Immunotoxins may be Potentiated by Increasing the amount of immunotoxin bound to cell surface receptors or by increasing the delivery of surface bound immunotoxin to the cytosol compartment. To examine if retinoic acid increases the binding of immunotoxins to target cells, cells were incubated with 454A12-rRA for 2 hrs at 4° C. then washed to remove unbound immunotoxin. The cells were divided in half and one half was incubated in the presence and one half was incubated in the absence of retinoic acid for 3 hrs at 37° C. and then the cells were pulsed with 14C-leucine and harvested. The results show that the potentiation of 454A12-rRA occurs even in cells washed prior to adding the retinoic acid (data not shown) indicating that the effect of retinoic acid is not a consequence of increased receptor binding. This leaves intracellular routing and passage into the cytosol as the likely effect retinoic acid has upon immunotoxin potency.
The Golgi has been implicated in the efficient routing of native ricin to the cytosol through functions of the ricin B chain (Johnson, V. G., et al. (1991) “Intracellular Routing and membrane translocation of and ricin” In Intracellular Trafficking of Proteins: 183-225 Steer and Hanover (eds) (Kreger/Basal. To examine whether or not retinoic acid may affect routing of immunotoxins through the Golgi apparatus, the effect of brefeldin A (BFA) on the retinoic acid potentiation of 454A12-rRA was examined. BFA, by inhibiting vesicular transport from the endoplasmic reticulum (ER) to the Golgi, results in collapse of the cis-Golgi apparatus blocking the retrograde vesicular transport of vesicles from the Golgi to the ER (Doms, R. W., et al. (1989) J. Cell. Biol. 109:61-72; Lippincott-Schwartz, J., et al. (1989) Cell. 56:801-813). BFA was incubated with U251 cells in the presence of 454A12-rRA and retinoic acid. FIG. 4 shows that BFA completely blocks the potentiation of toxicity by retinoic acid. This indicates that 454A12-rRA routes through a BFA sensitive compartment, possibly the Golgi apparatus or the endoplasmic reticulum, in the presence of retinoic acid.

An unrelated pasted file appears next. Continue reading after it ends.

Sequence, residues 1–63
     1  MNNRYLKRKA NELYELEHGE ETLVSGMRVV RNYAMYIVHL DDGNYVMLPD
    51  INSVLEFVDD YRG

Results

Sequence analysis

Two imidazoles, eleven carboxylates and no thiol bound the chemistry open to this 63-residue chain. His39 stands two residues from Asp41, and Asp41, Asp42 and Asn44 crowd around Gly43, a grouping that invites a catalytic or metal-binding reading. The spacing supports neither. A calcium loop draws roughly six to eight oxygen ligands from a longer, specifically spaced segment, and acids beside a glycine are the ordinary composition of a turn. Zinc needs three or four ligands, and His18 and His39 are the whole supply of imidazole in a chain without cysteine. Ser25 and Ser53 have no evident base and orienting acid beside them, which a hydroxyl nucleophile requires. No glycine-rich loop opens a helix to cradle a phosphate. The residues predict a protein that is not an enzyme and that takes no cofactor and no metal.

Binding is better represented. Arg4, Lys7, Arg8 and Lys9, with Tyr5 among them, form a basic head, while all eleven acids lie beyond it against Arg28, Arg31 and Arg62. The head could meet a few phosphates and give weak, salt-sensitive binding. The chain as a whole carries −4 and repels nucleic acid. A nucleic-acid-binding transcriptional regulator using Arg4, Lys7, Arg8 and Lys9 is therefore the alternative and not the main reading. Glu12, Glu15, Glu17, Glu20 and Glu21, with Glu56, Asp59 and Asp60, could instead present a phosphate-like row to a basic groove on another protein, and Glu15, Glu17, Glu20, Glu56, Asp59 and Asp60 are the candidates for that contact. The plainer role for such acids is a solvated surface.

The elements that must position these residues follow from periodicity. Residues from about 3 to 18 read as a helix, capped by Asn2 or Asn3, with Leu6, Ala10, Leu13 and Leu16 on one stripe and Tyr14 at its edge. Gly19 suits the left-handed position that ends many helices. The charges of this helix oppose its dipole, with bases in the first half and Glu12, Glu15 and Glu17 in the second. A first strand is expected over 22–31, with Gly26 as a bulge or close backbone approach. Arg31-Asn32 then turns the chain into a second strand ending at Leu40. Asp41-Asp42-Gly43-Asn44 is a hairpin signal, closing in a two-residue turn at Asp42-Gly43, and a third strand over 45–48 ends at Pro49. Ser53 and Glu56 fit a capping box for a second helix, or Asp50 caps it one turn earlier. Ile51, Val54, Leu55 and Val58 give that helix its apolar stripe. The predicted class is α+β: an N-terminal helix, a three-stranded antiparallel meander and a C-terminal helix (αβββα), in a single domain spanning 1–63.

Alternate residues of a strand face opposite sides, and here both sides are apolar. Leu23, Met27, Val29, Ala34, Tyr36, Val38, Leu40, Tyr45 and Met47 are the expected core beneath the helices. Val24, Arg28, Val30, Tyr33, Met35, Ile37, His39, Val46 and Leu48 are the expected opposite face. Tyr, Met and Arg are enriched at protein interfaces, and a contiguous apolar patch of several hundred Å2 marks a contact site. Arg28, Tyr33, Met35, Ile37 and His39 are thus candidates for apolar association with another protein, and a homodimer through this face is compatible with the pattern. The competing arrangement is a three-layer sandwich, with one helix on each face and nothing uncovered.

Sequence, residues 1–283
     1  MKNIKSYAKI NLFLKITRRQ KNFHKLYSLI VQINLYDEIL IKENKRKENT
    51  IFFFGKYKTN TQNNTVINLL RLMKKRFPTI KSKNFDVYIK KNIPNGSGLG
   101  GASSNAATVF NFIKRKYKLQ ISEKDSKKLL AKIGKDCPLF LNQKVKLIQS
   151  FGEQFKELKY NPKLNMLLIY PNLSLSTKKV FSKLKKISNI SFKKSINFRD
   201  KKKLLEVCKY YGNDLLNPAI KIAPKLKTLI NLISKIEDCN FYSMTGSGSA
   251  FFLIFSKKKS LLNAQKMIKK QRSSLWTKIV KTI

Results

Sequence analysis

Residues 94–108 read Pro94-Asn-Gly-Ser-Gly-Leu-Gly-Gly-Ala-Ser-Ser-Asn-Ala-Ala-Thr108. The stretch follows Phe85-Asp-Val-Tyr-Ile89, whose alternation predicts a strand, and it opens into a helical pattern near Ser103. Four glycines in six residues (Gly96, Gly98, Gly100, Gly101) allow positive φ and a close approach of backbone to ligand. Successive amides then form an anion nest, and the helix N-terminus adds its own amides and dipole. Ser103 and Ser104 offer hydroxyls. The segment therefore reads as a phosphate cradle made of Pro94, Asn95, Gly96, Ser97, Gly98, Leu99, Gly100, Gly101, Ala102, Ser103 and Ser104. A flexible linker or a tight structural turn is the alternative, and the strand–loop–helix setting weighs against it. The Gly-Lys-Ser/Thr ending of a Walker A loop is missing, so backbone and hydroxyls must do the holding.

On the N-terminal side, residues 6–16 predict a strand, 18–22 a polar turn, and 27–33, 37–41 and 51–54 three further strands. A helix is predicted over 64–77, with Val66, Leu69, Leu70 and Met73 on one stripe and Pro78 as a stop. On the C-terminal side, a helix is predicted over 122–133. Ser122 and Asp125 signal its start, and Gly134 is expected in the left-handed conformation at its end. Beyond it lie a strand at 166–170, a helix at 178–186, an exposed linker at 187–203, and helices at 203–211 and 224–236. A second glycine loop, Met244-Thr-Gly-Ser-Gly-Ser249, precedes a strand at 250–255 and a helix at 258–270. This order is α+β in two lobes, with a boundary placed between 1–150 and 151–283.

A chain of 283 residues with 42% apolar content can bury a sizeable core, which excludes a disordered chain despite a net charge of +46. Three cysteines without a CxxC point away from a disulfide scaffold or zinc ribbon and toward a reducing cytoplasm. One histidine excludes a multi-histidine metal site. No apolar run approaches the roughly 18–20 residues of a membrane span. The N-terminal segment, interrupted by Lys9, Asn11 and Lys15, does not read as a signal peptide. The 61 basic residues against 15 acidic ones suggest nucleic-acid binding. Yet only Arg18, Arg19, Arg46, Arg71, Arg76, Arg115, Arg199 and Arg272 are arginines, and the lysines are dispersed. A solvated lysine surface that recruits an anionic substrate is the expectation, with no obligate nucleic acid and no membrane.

In contrast to ricin A chain immunotoxins, that are potentiated by ionophores that disrupt the Golgi apparatus, diphtheria toxin (DT) and Pseudomonas exotoxin A (PE) and their respective immunotoxins, are blocked by monensin, a carboxylic ionophore. The effect of retinoic acid on the toxicity of PE, DT and transferrin coupled to PE and transferrin coupled to a diphtheria toxin mutant, CRM107 was examined. FIG. 5 shows that, in contrast to 454A12-rRA, DT, PE and transferrin-CRM107 (tfn-CRM107) and transferrin-PE (tfn-PE) are not potentiated by retinoic acid. DT and tfn-CRM107 are actually inhibited a small extent by retinoic acid. These results are consistent with the model that retinoic acid alters the routing of immunotoxins through the Golgi apparatus with some degree of selectivity. The effect of retinoic acid differs markedly from that of monensin, however. Retinoic acid has little effect on DT and PE whereas monensin blocks DT over 1000 times.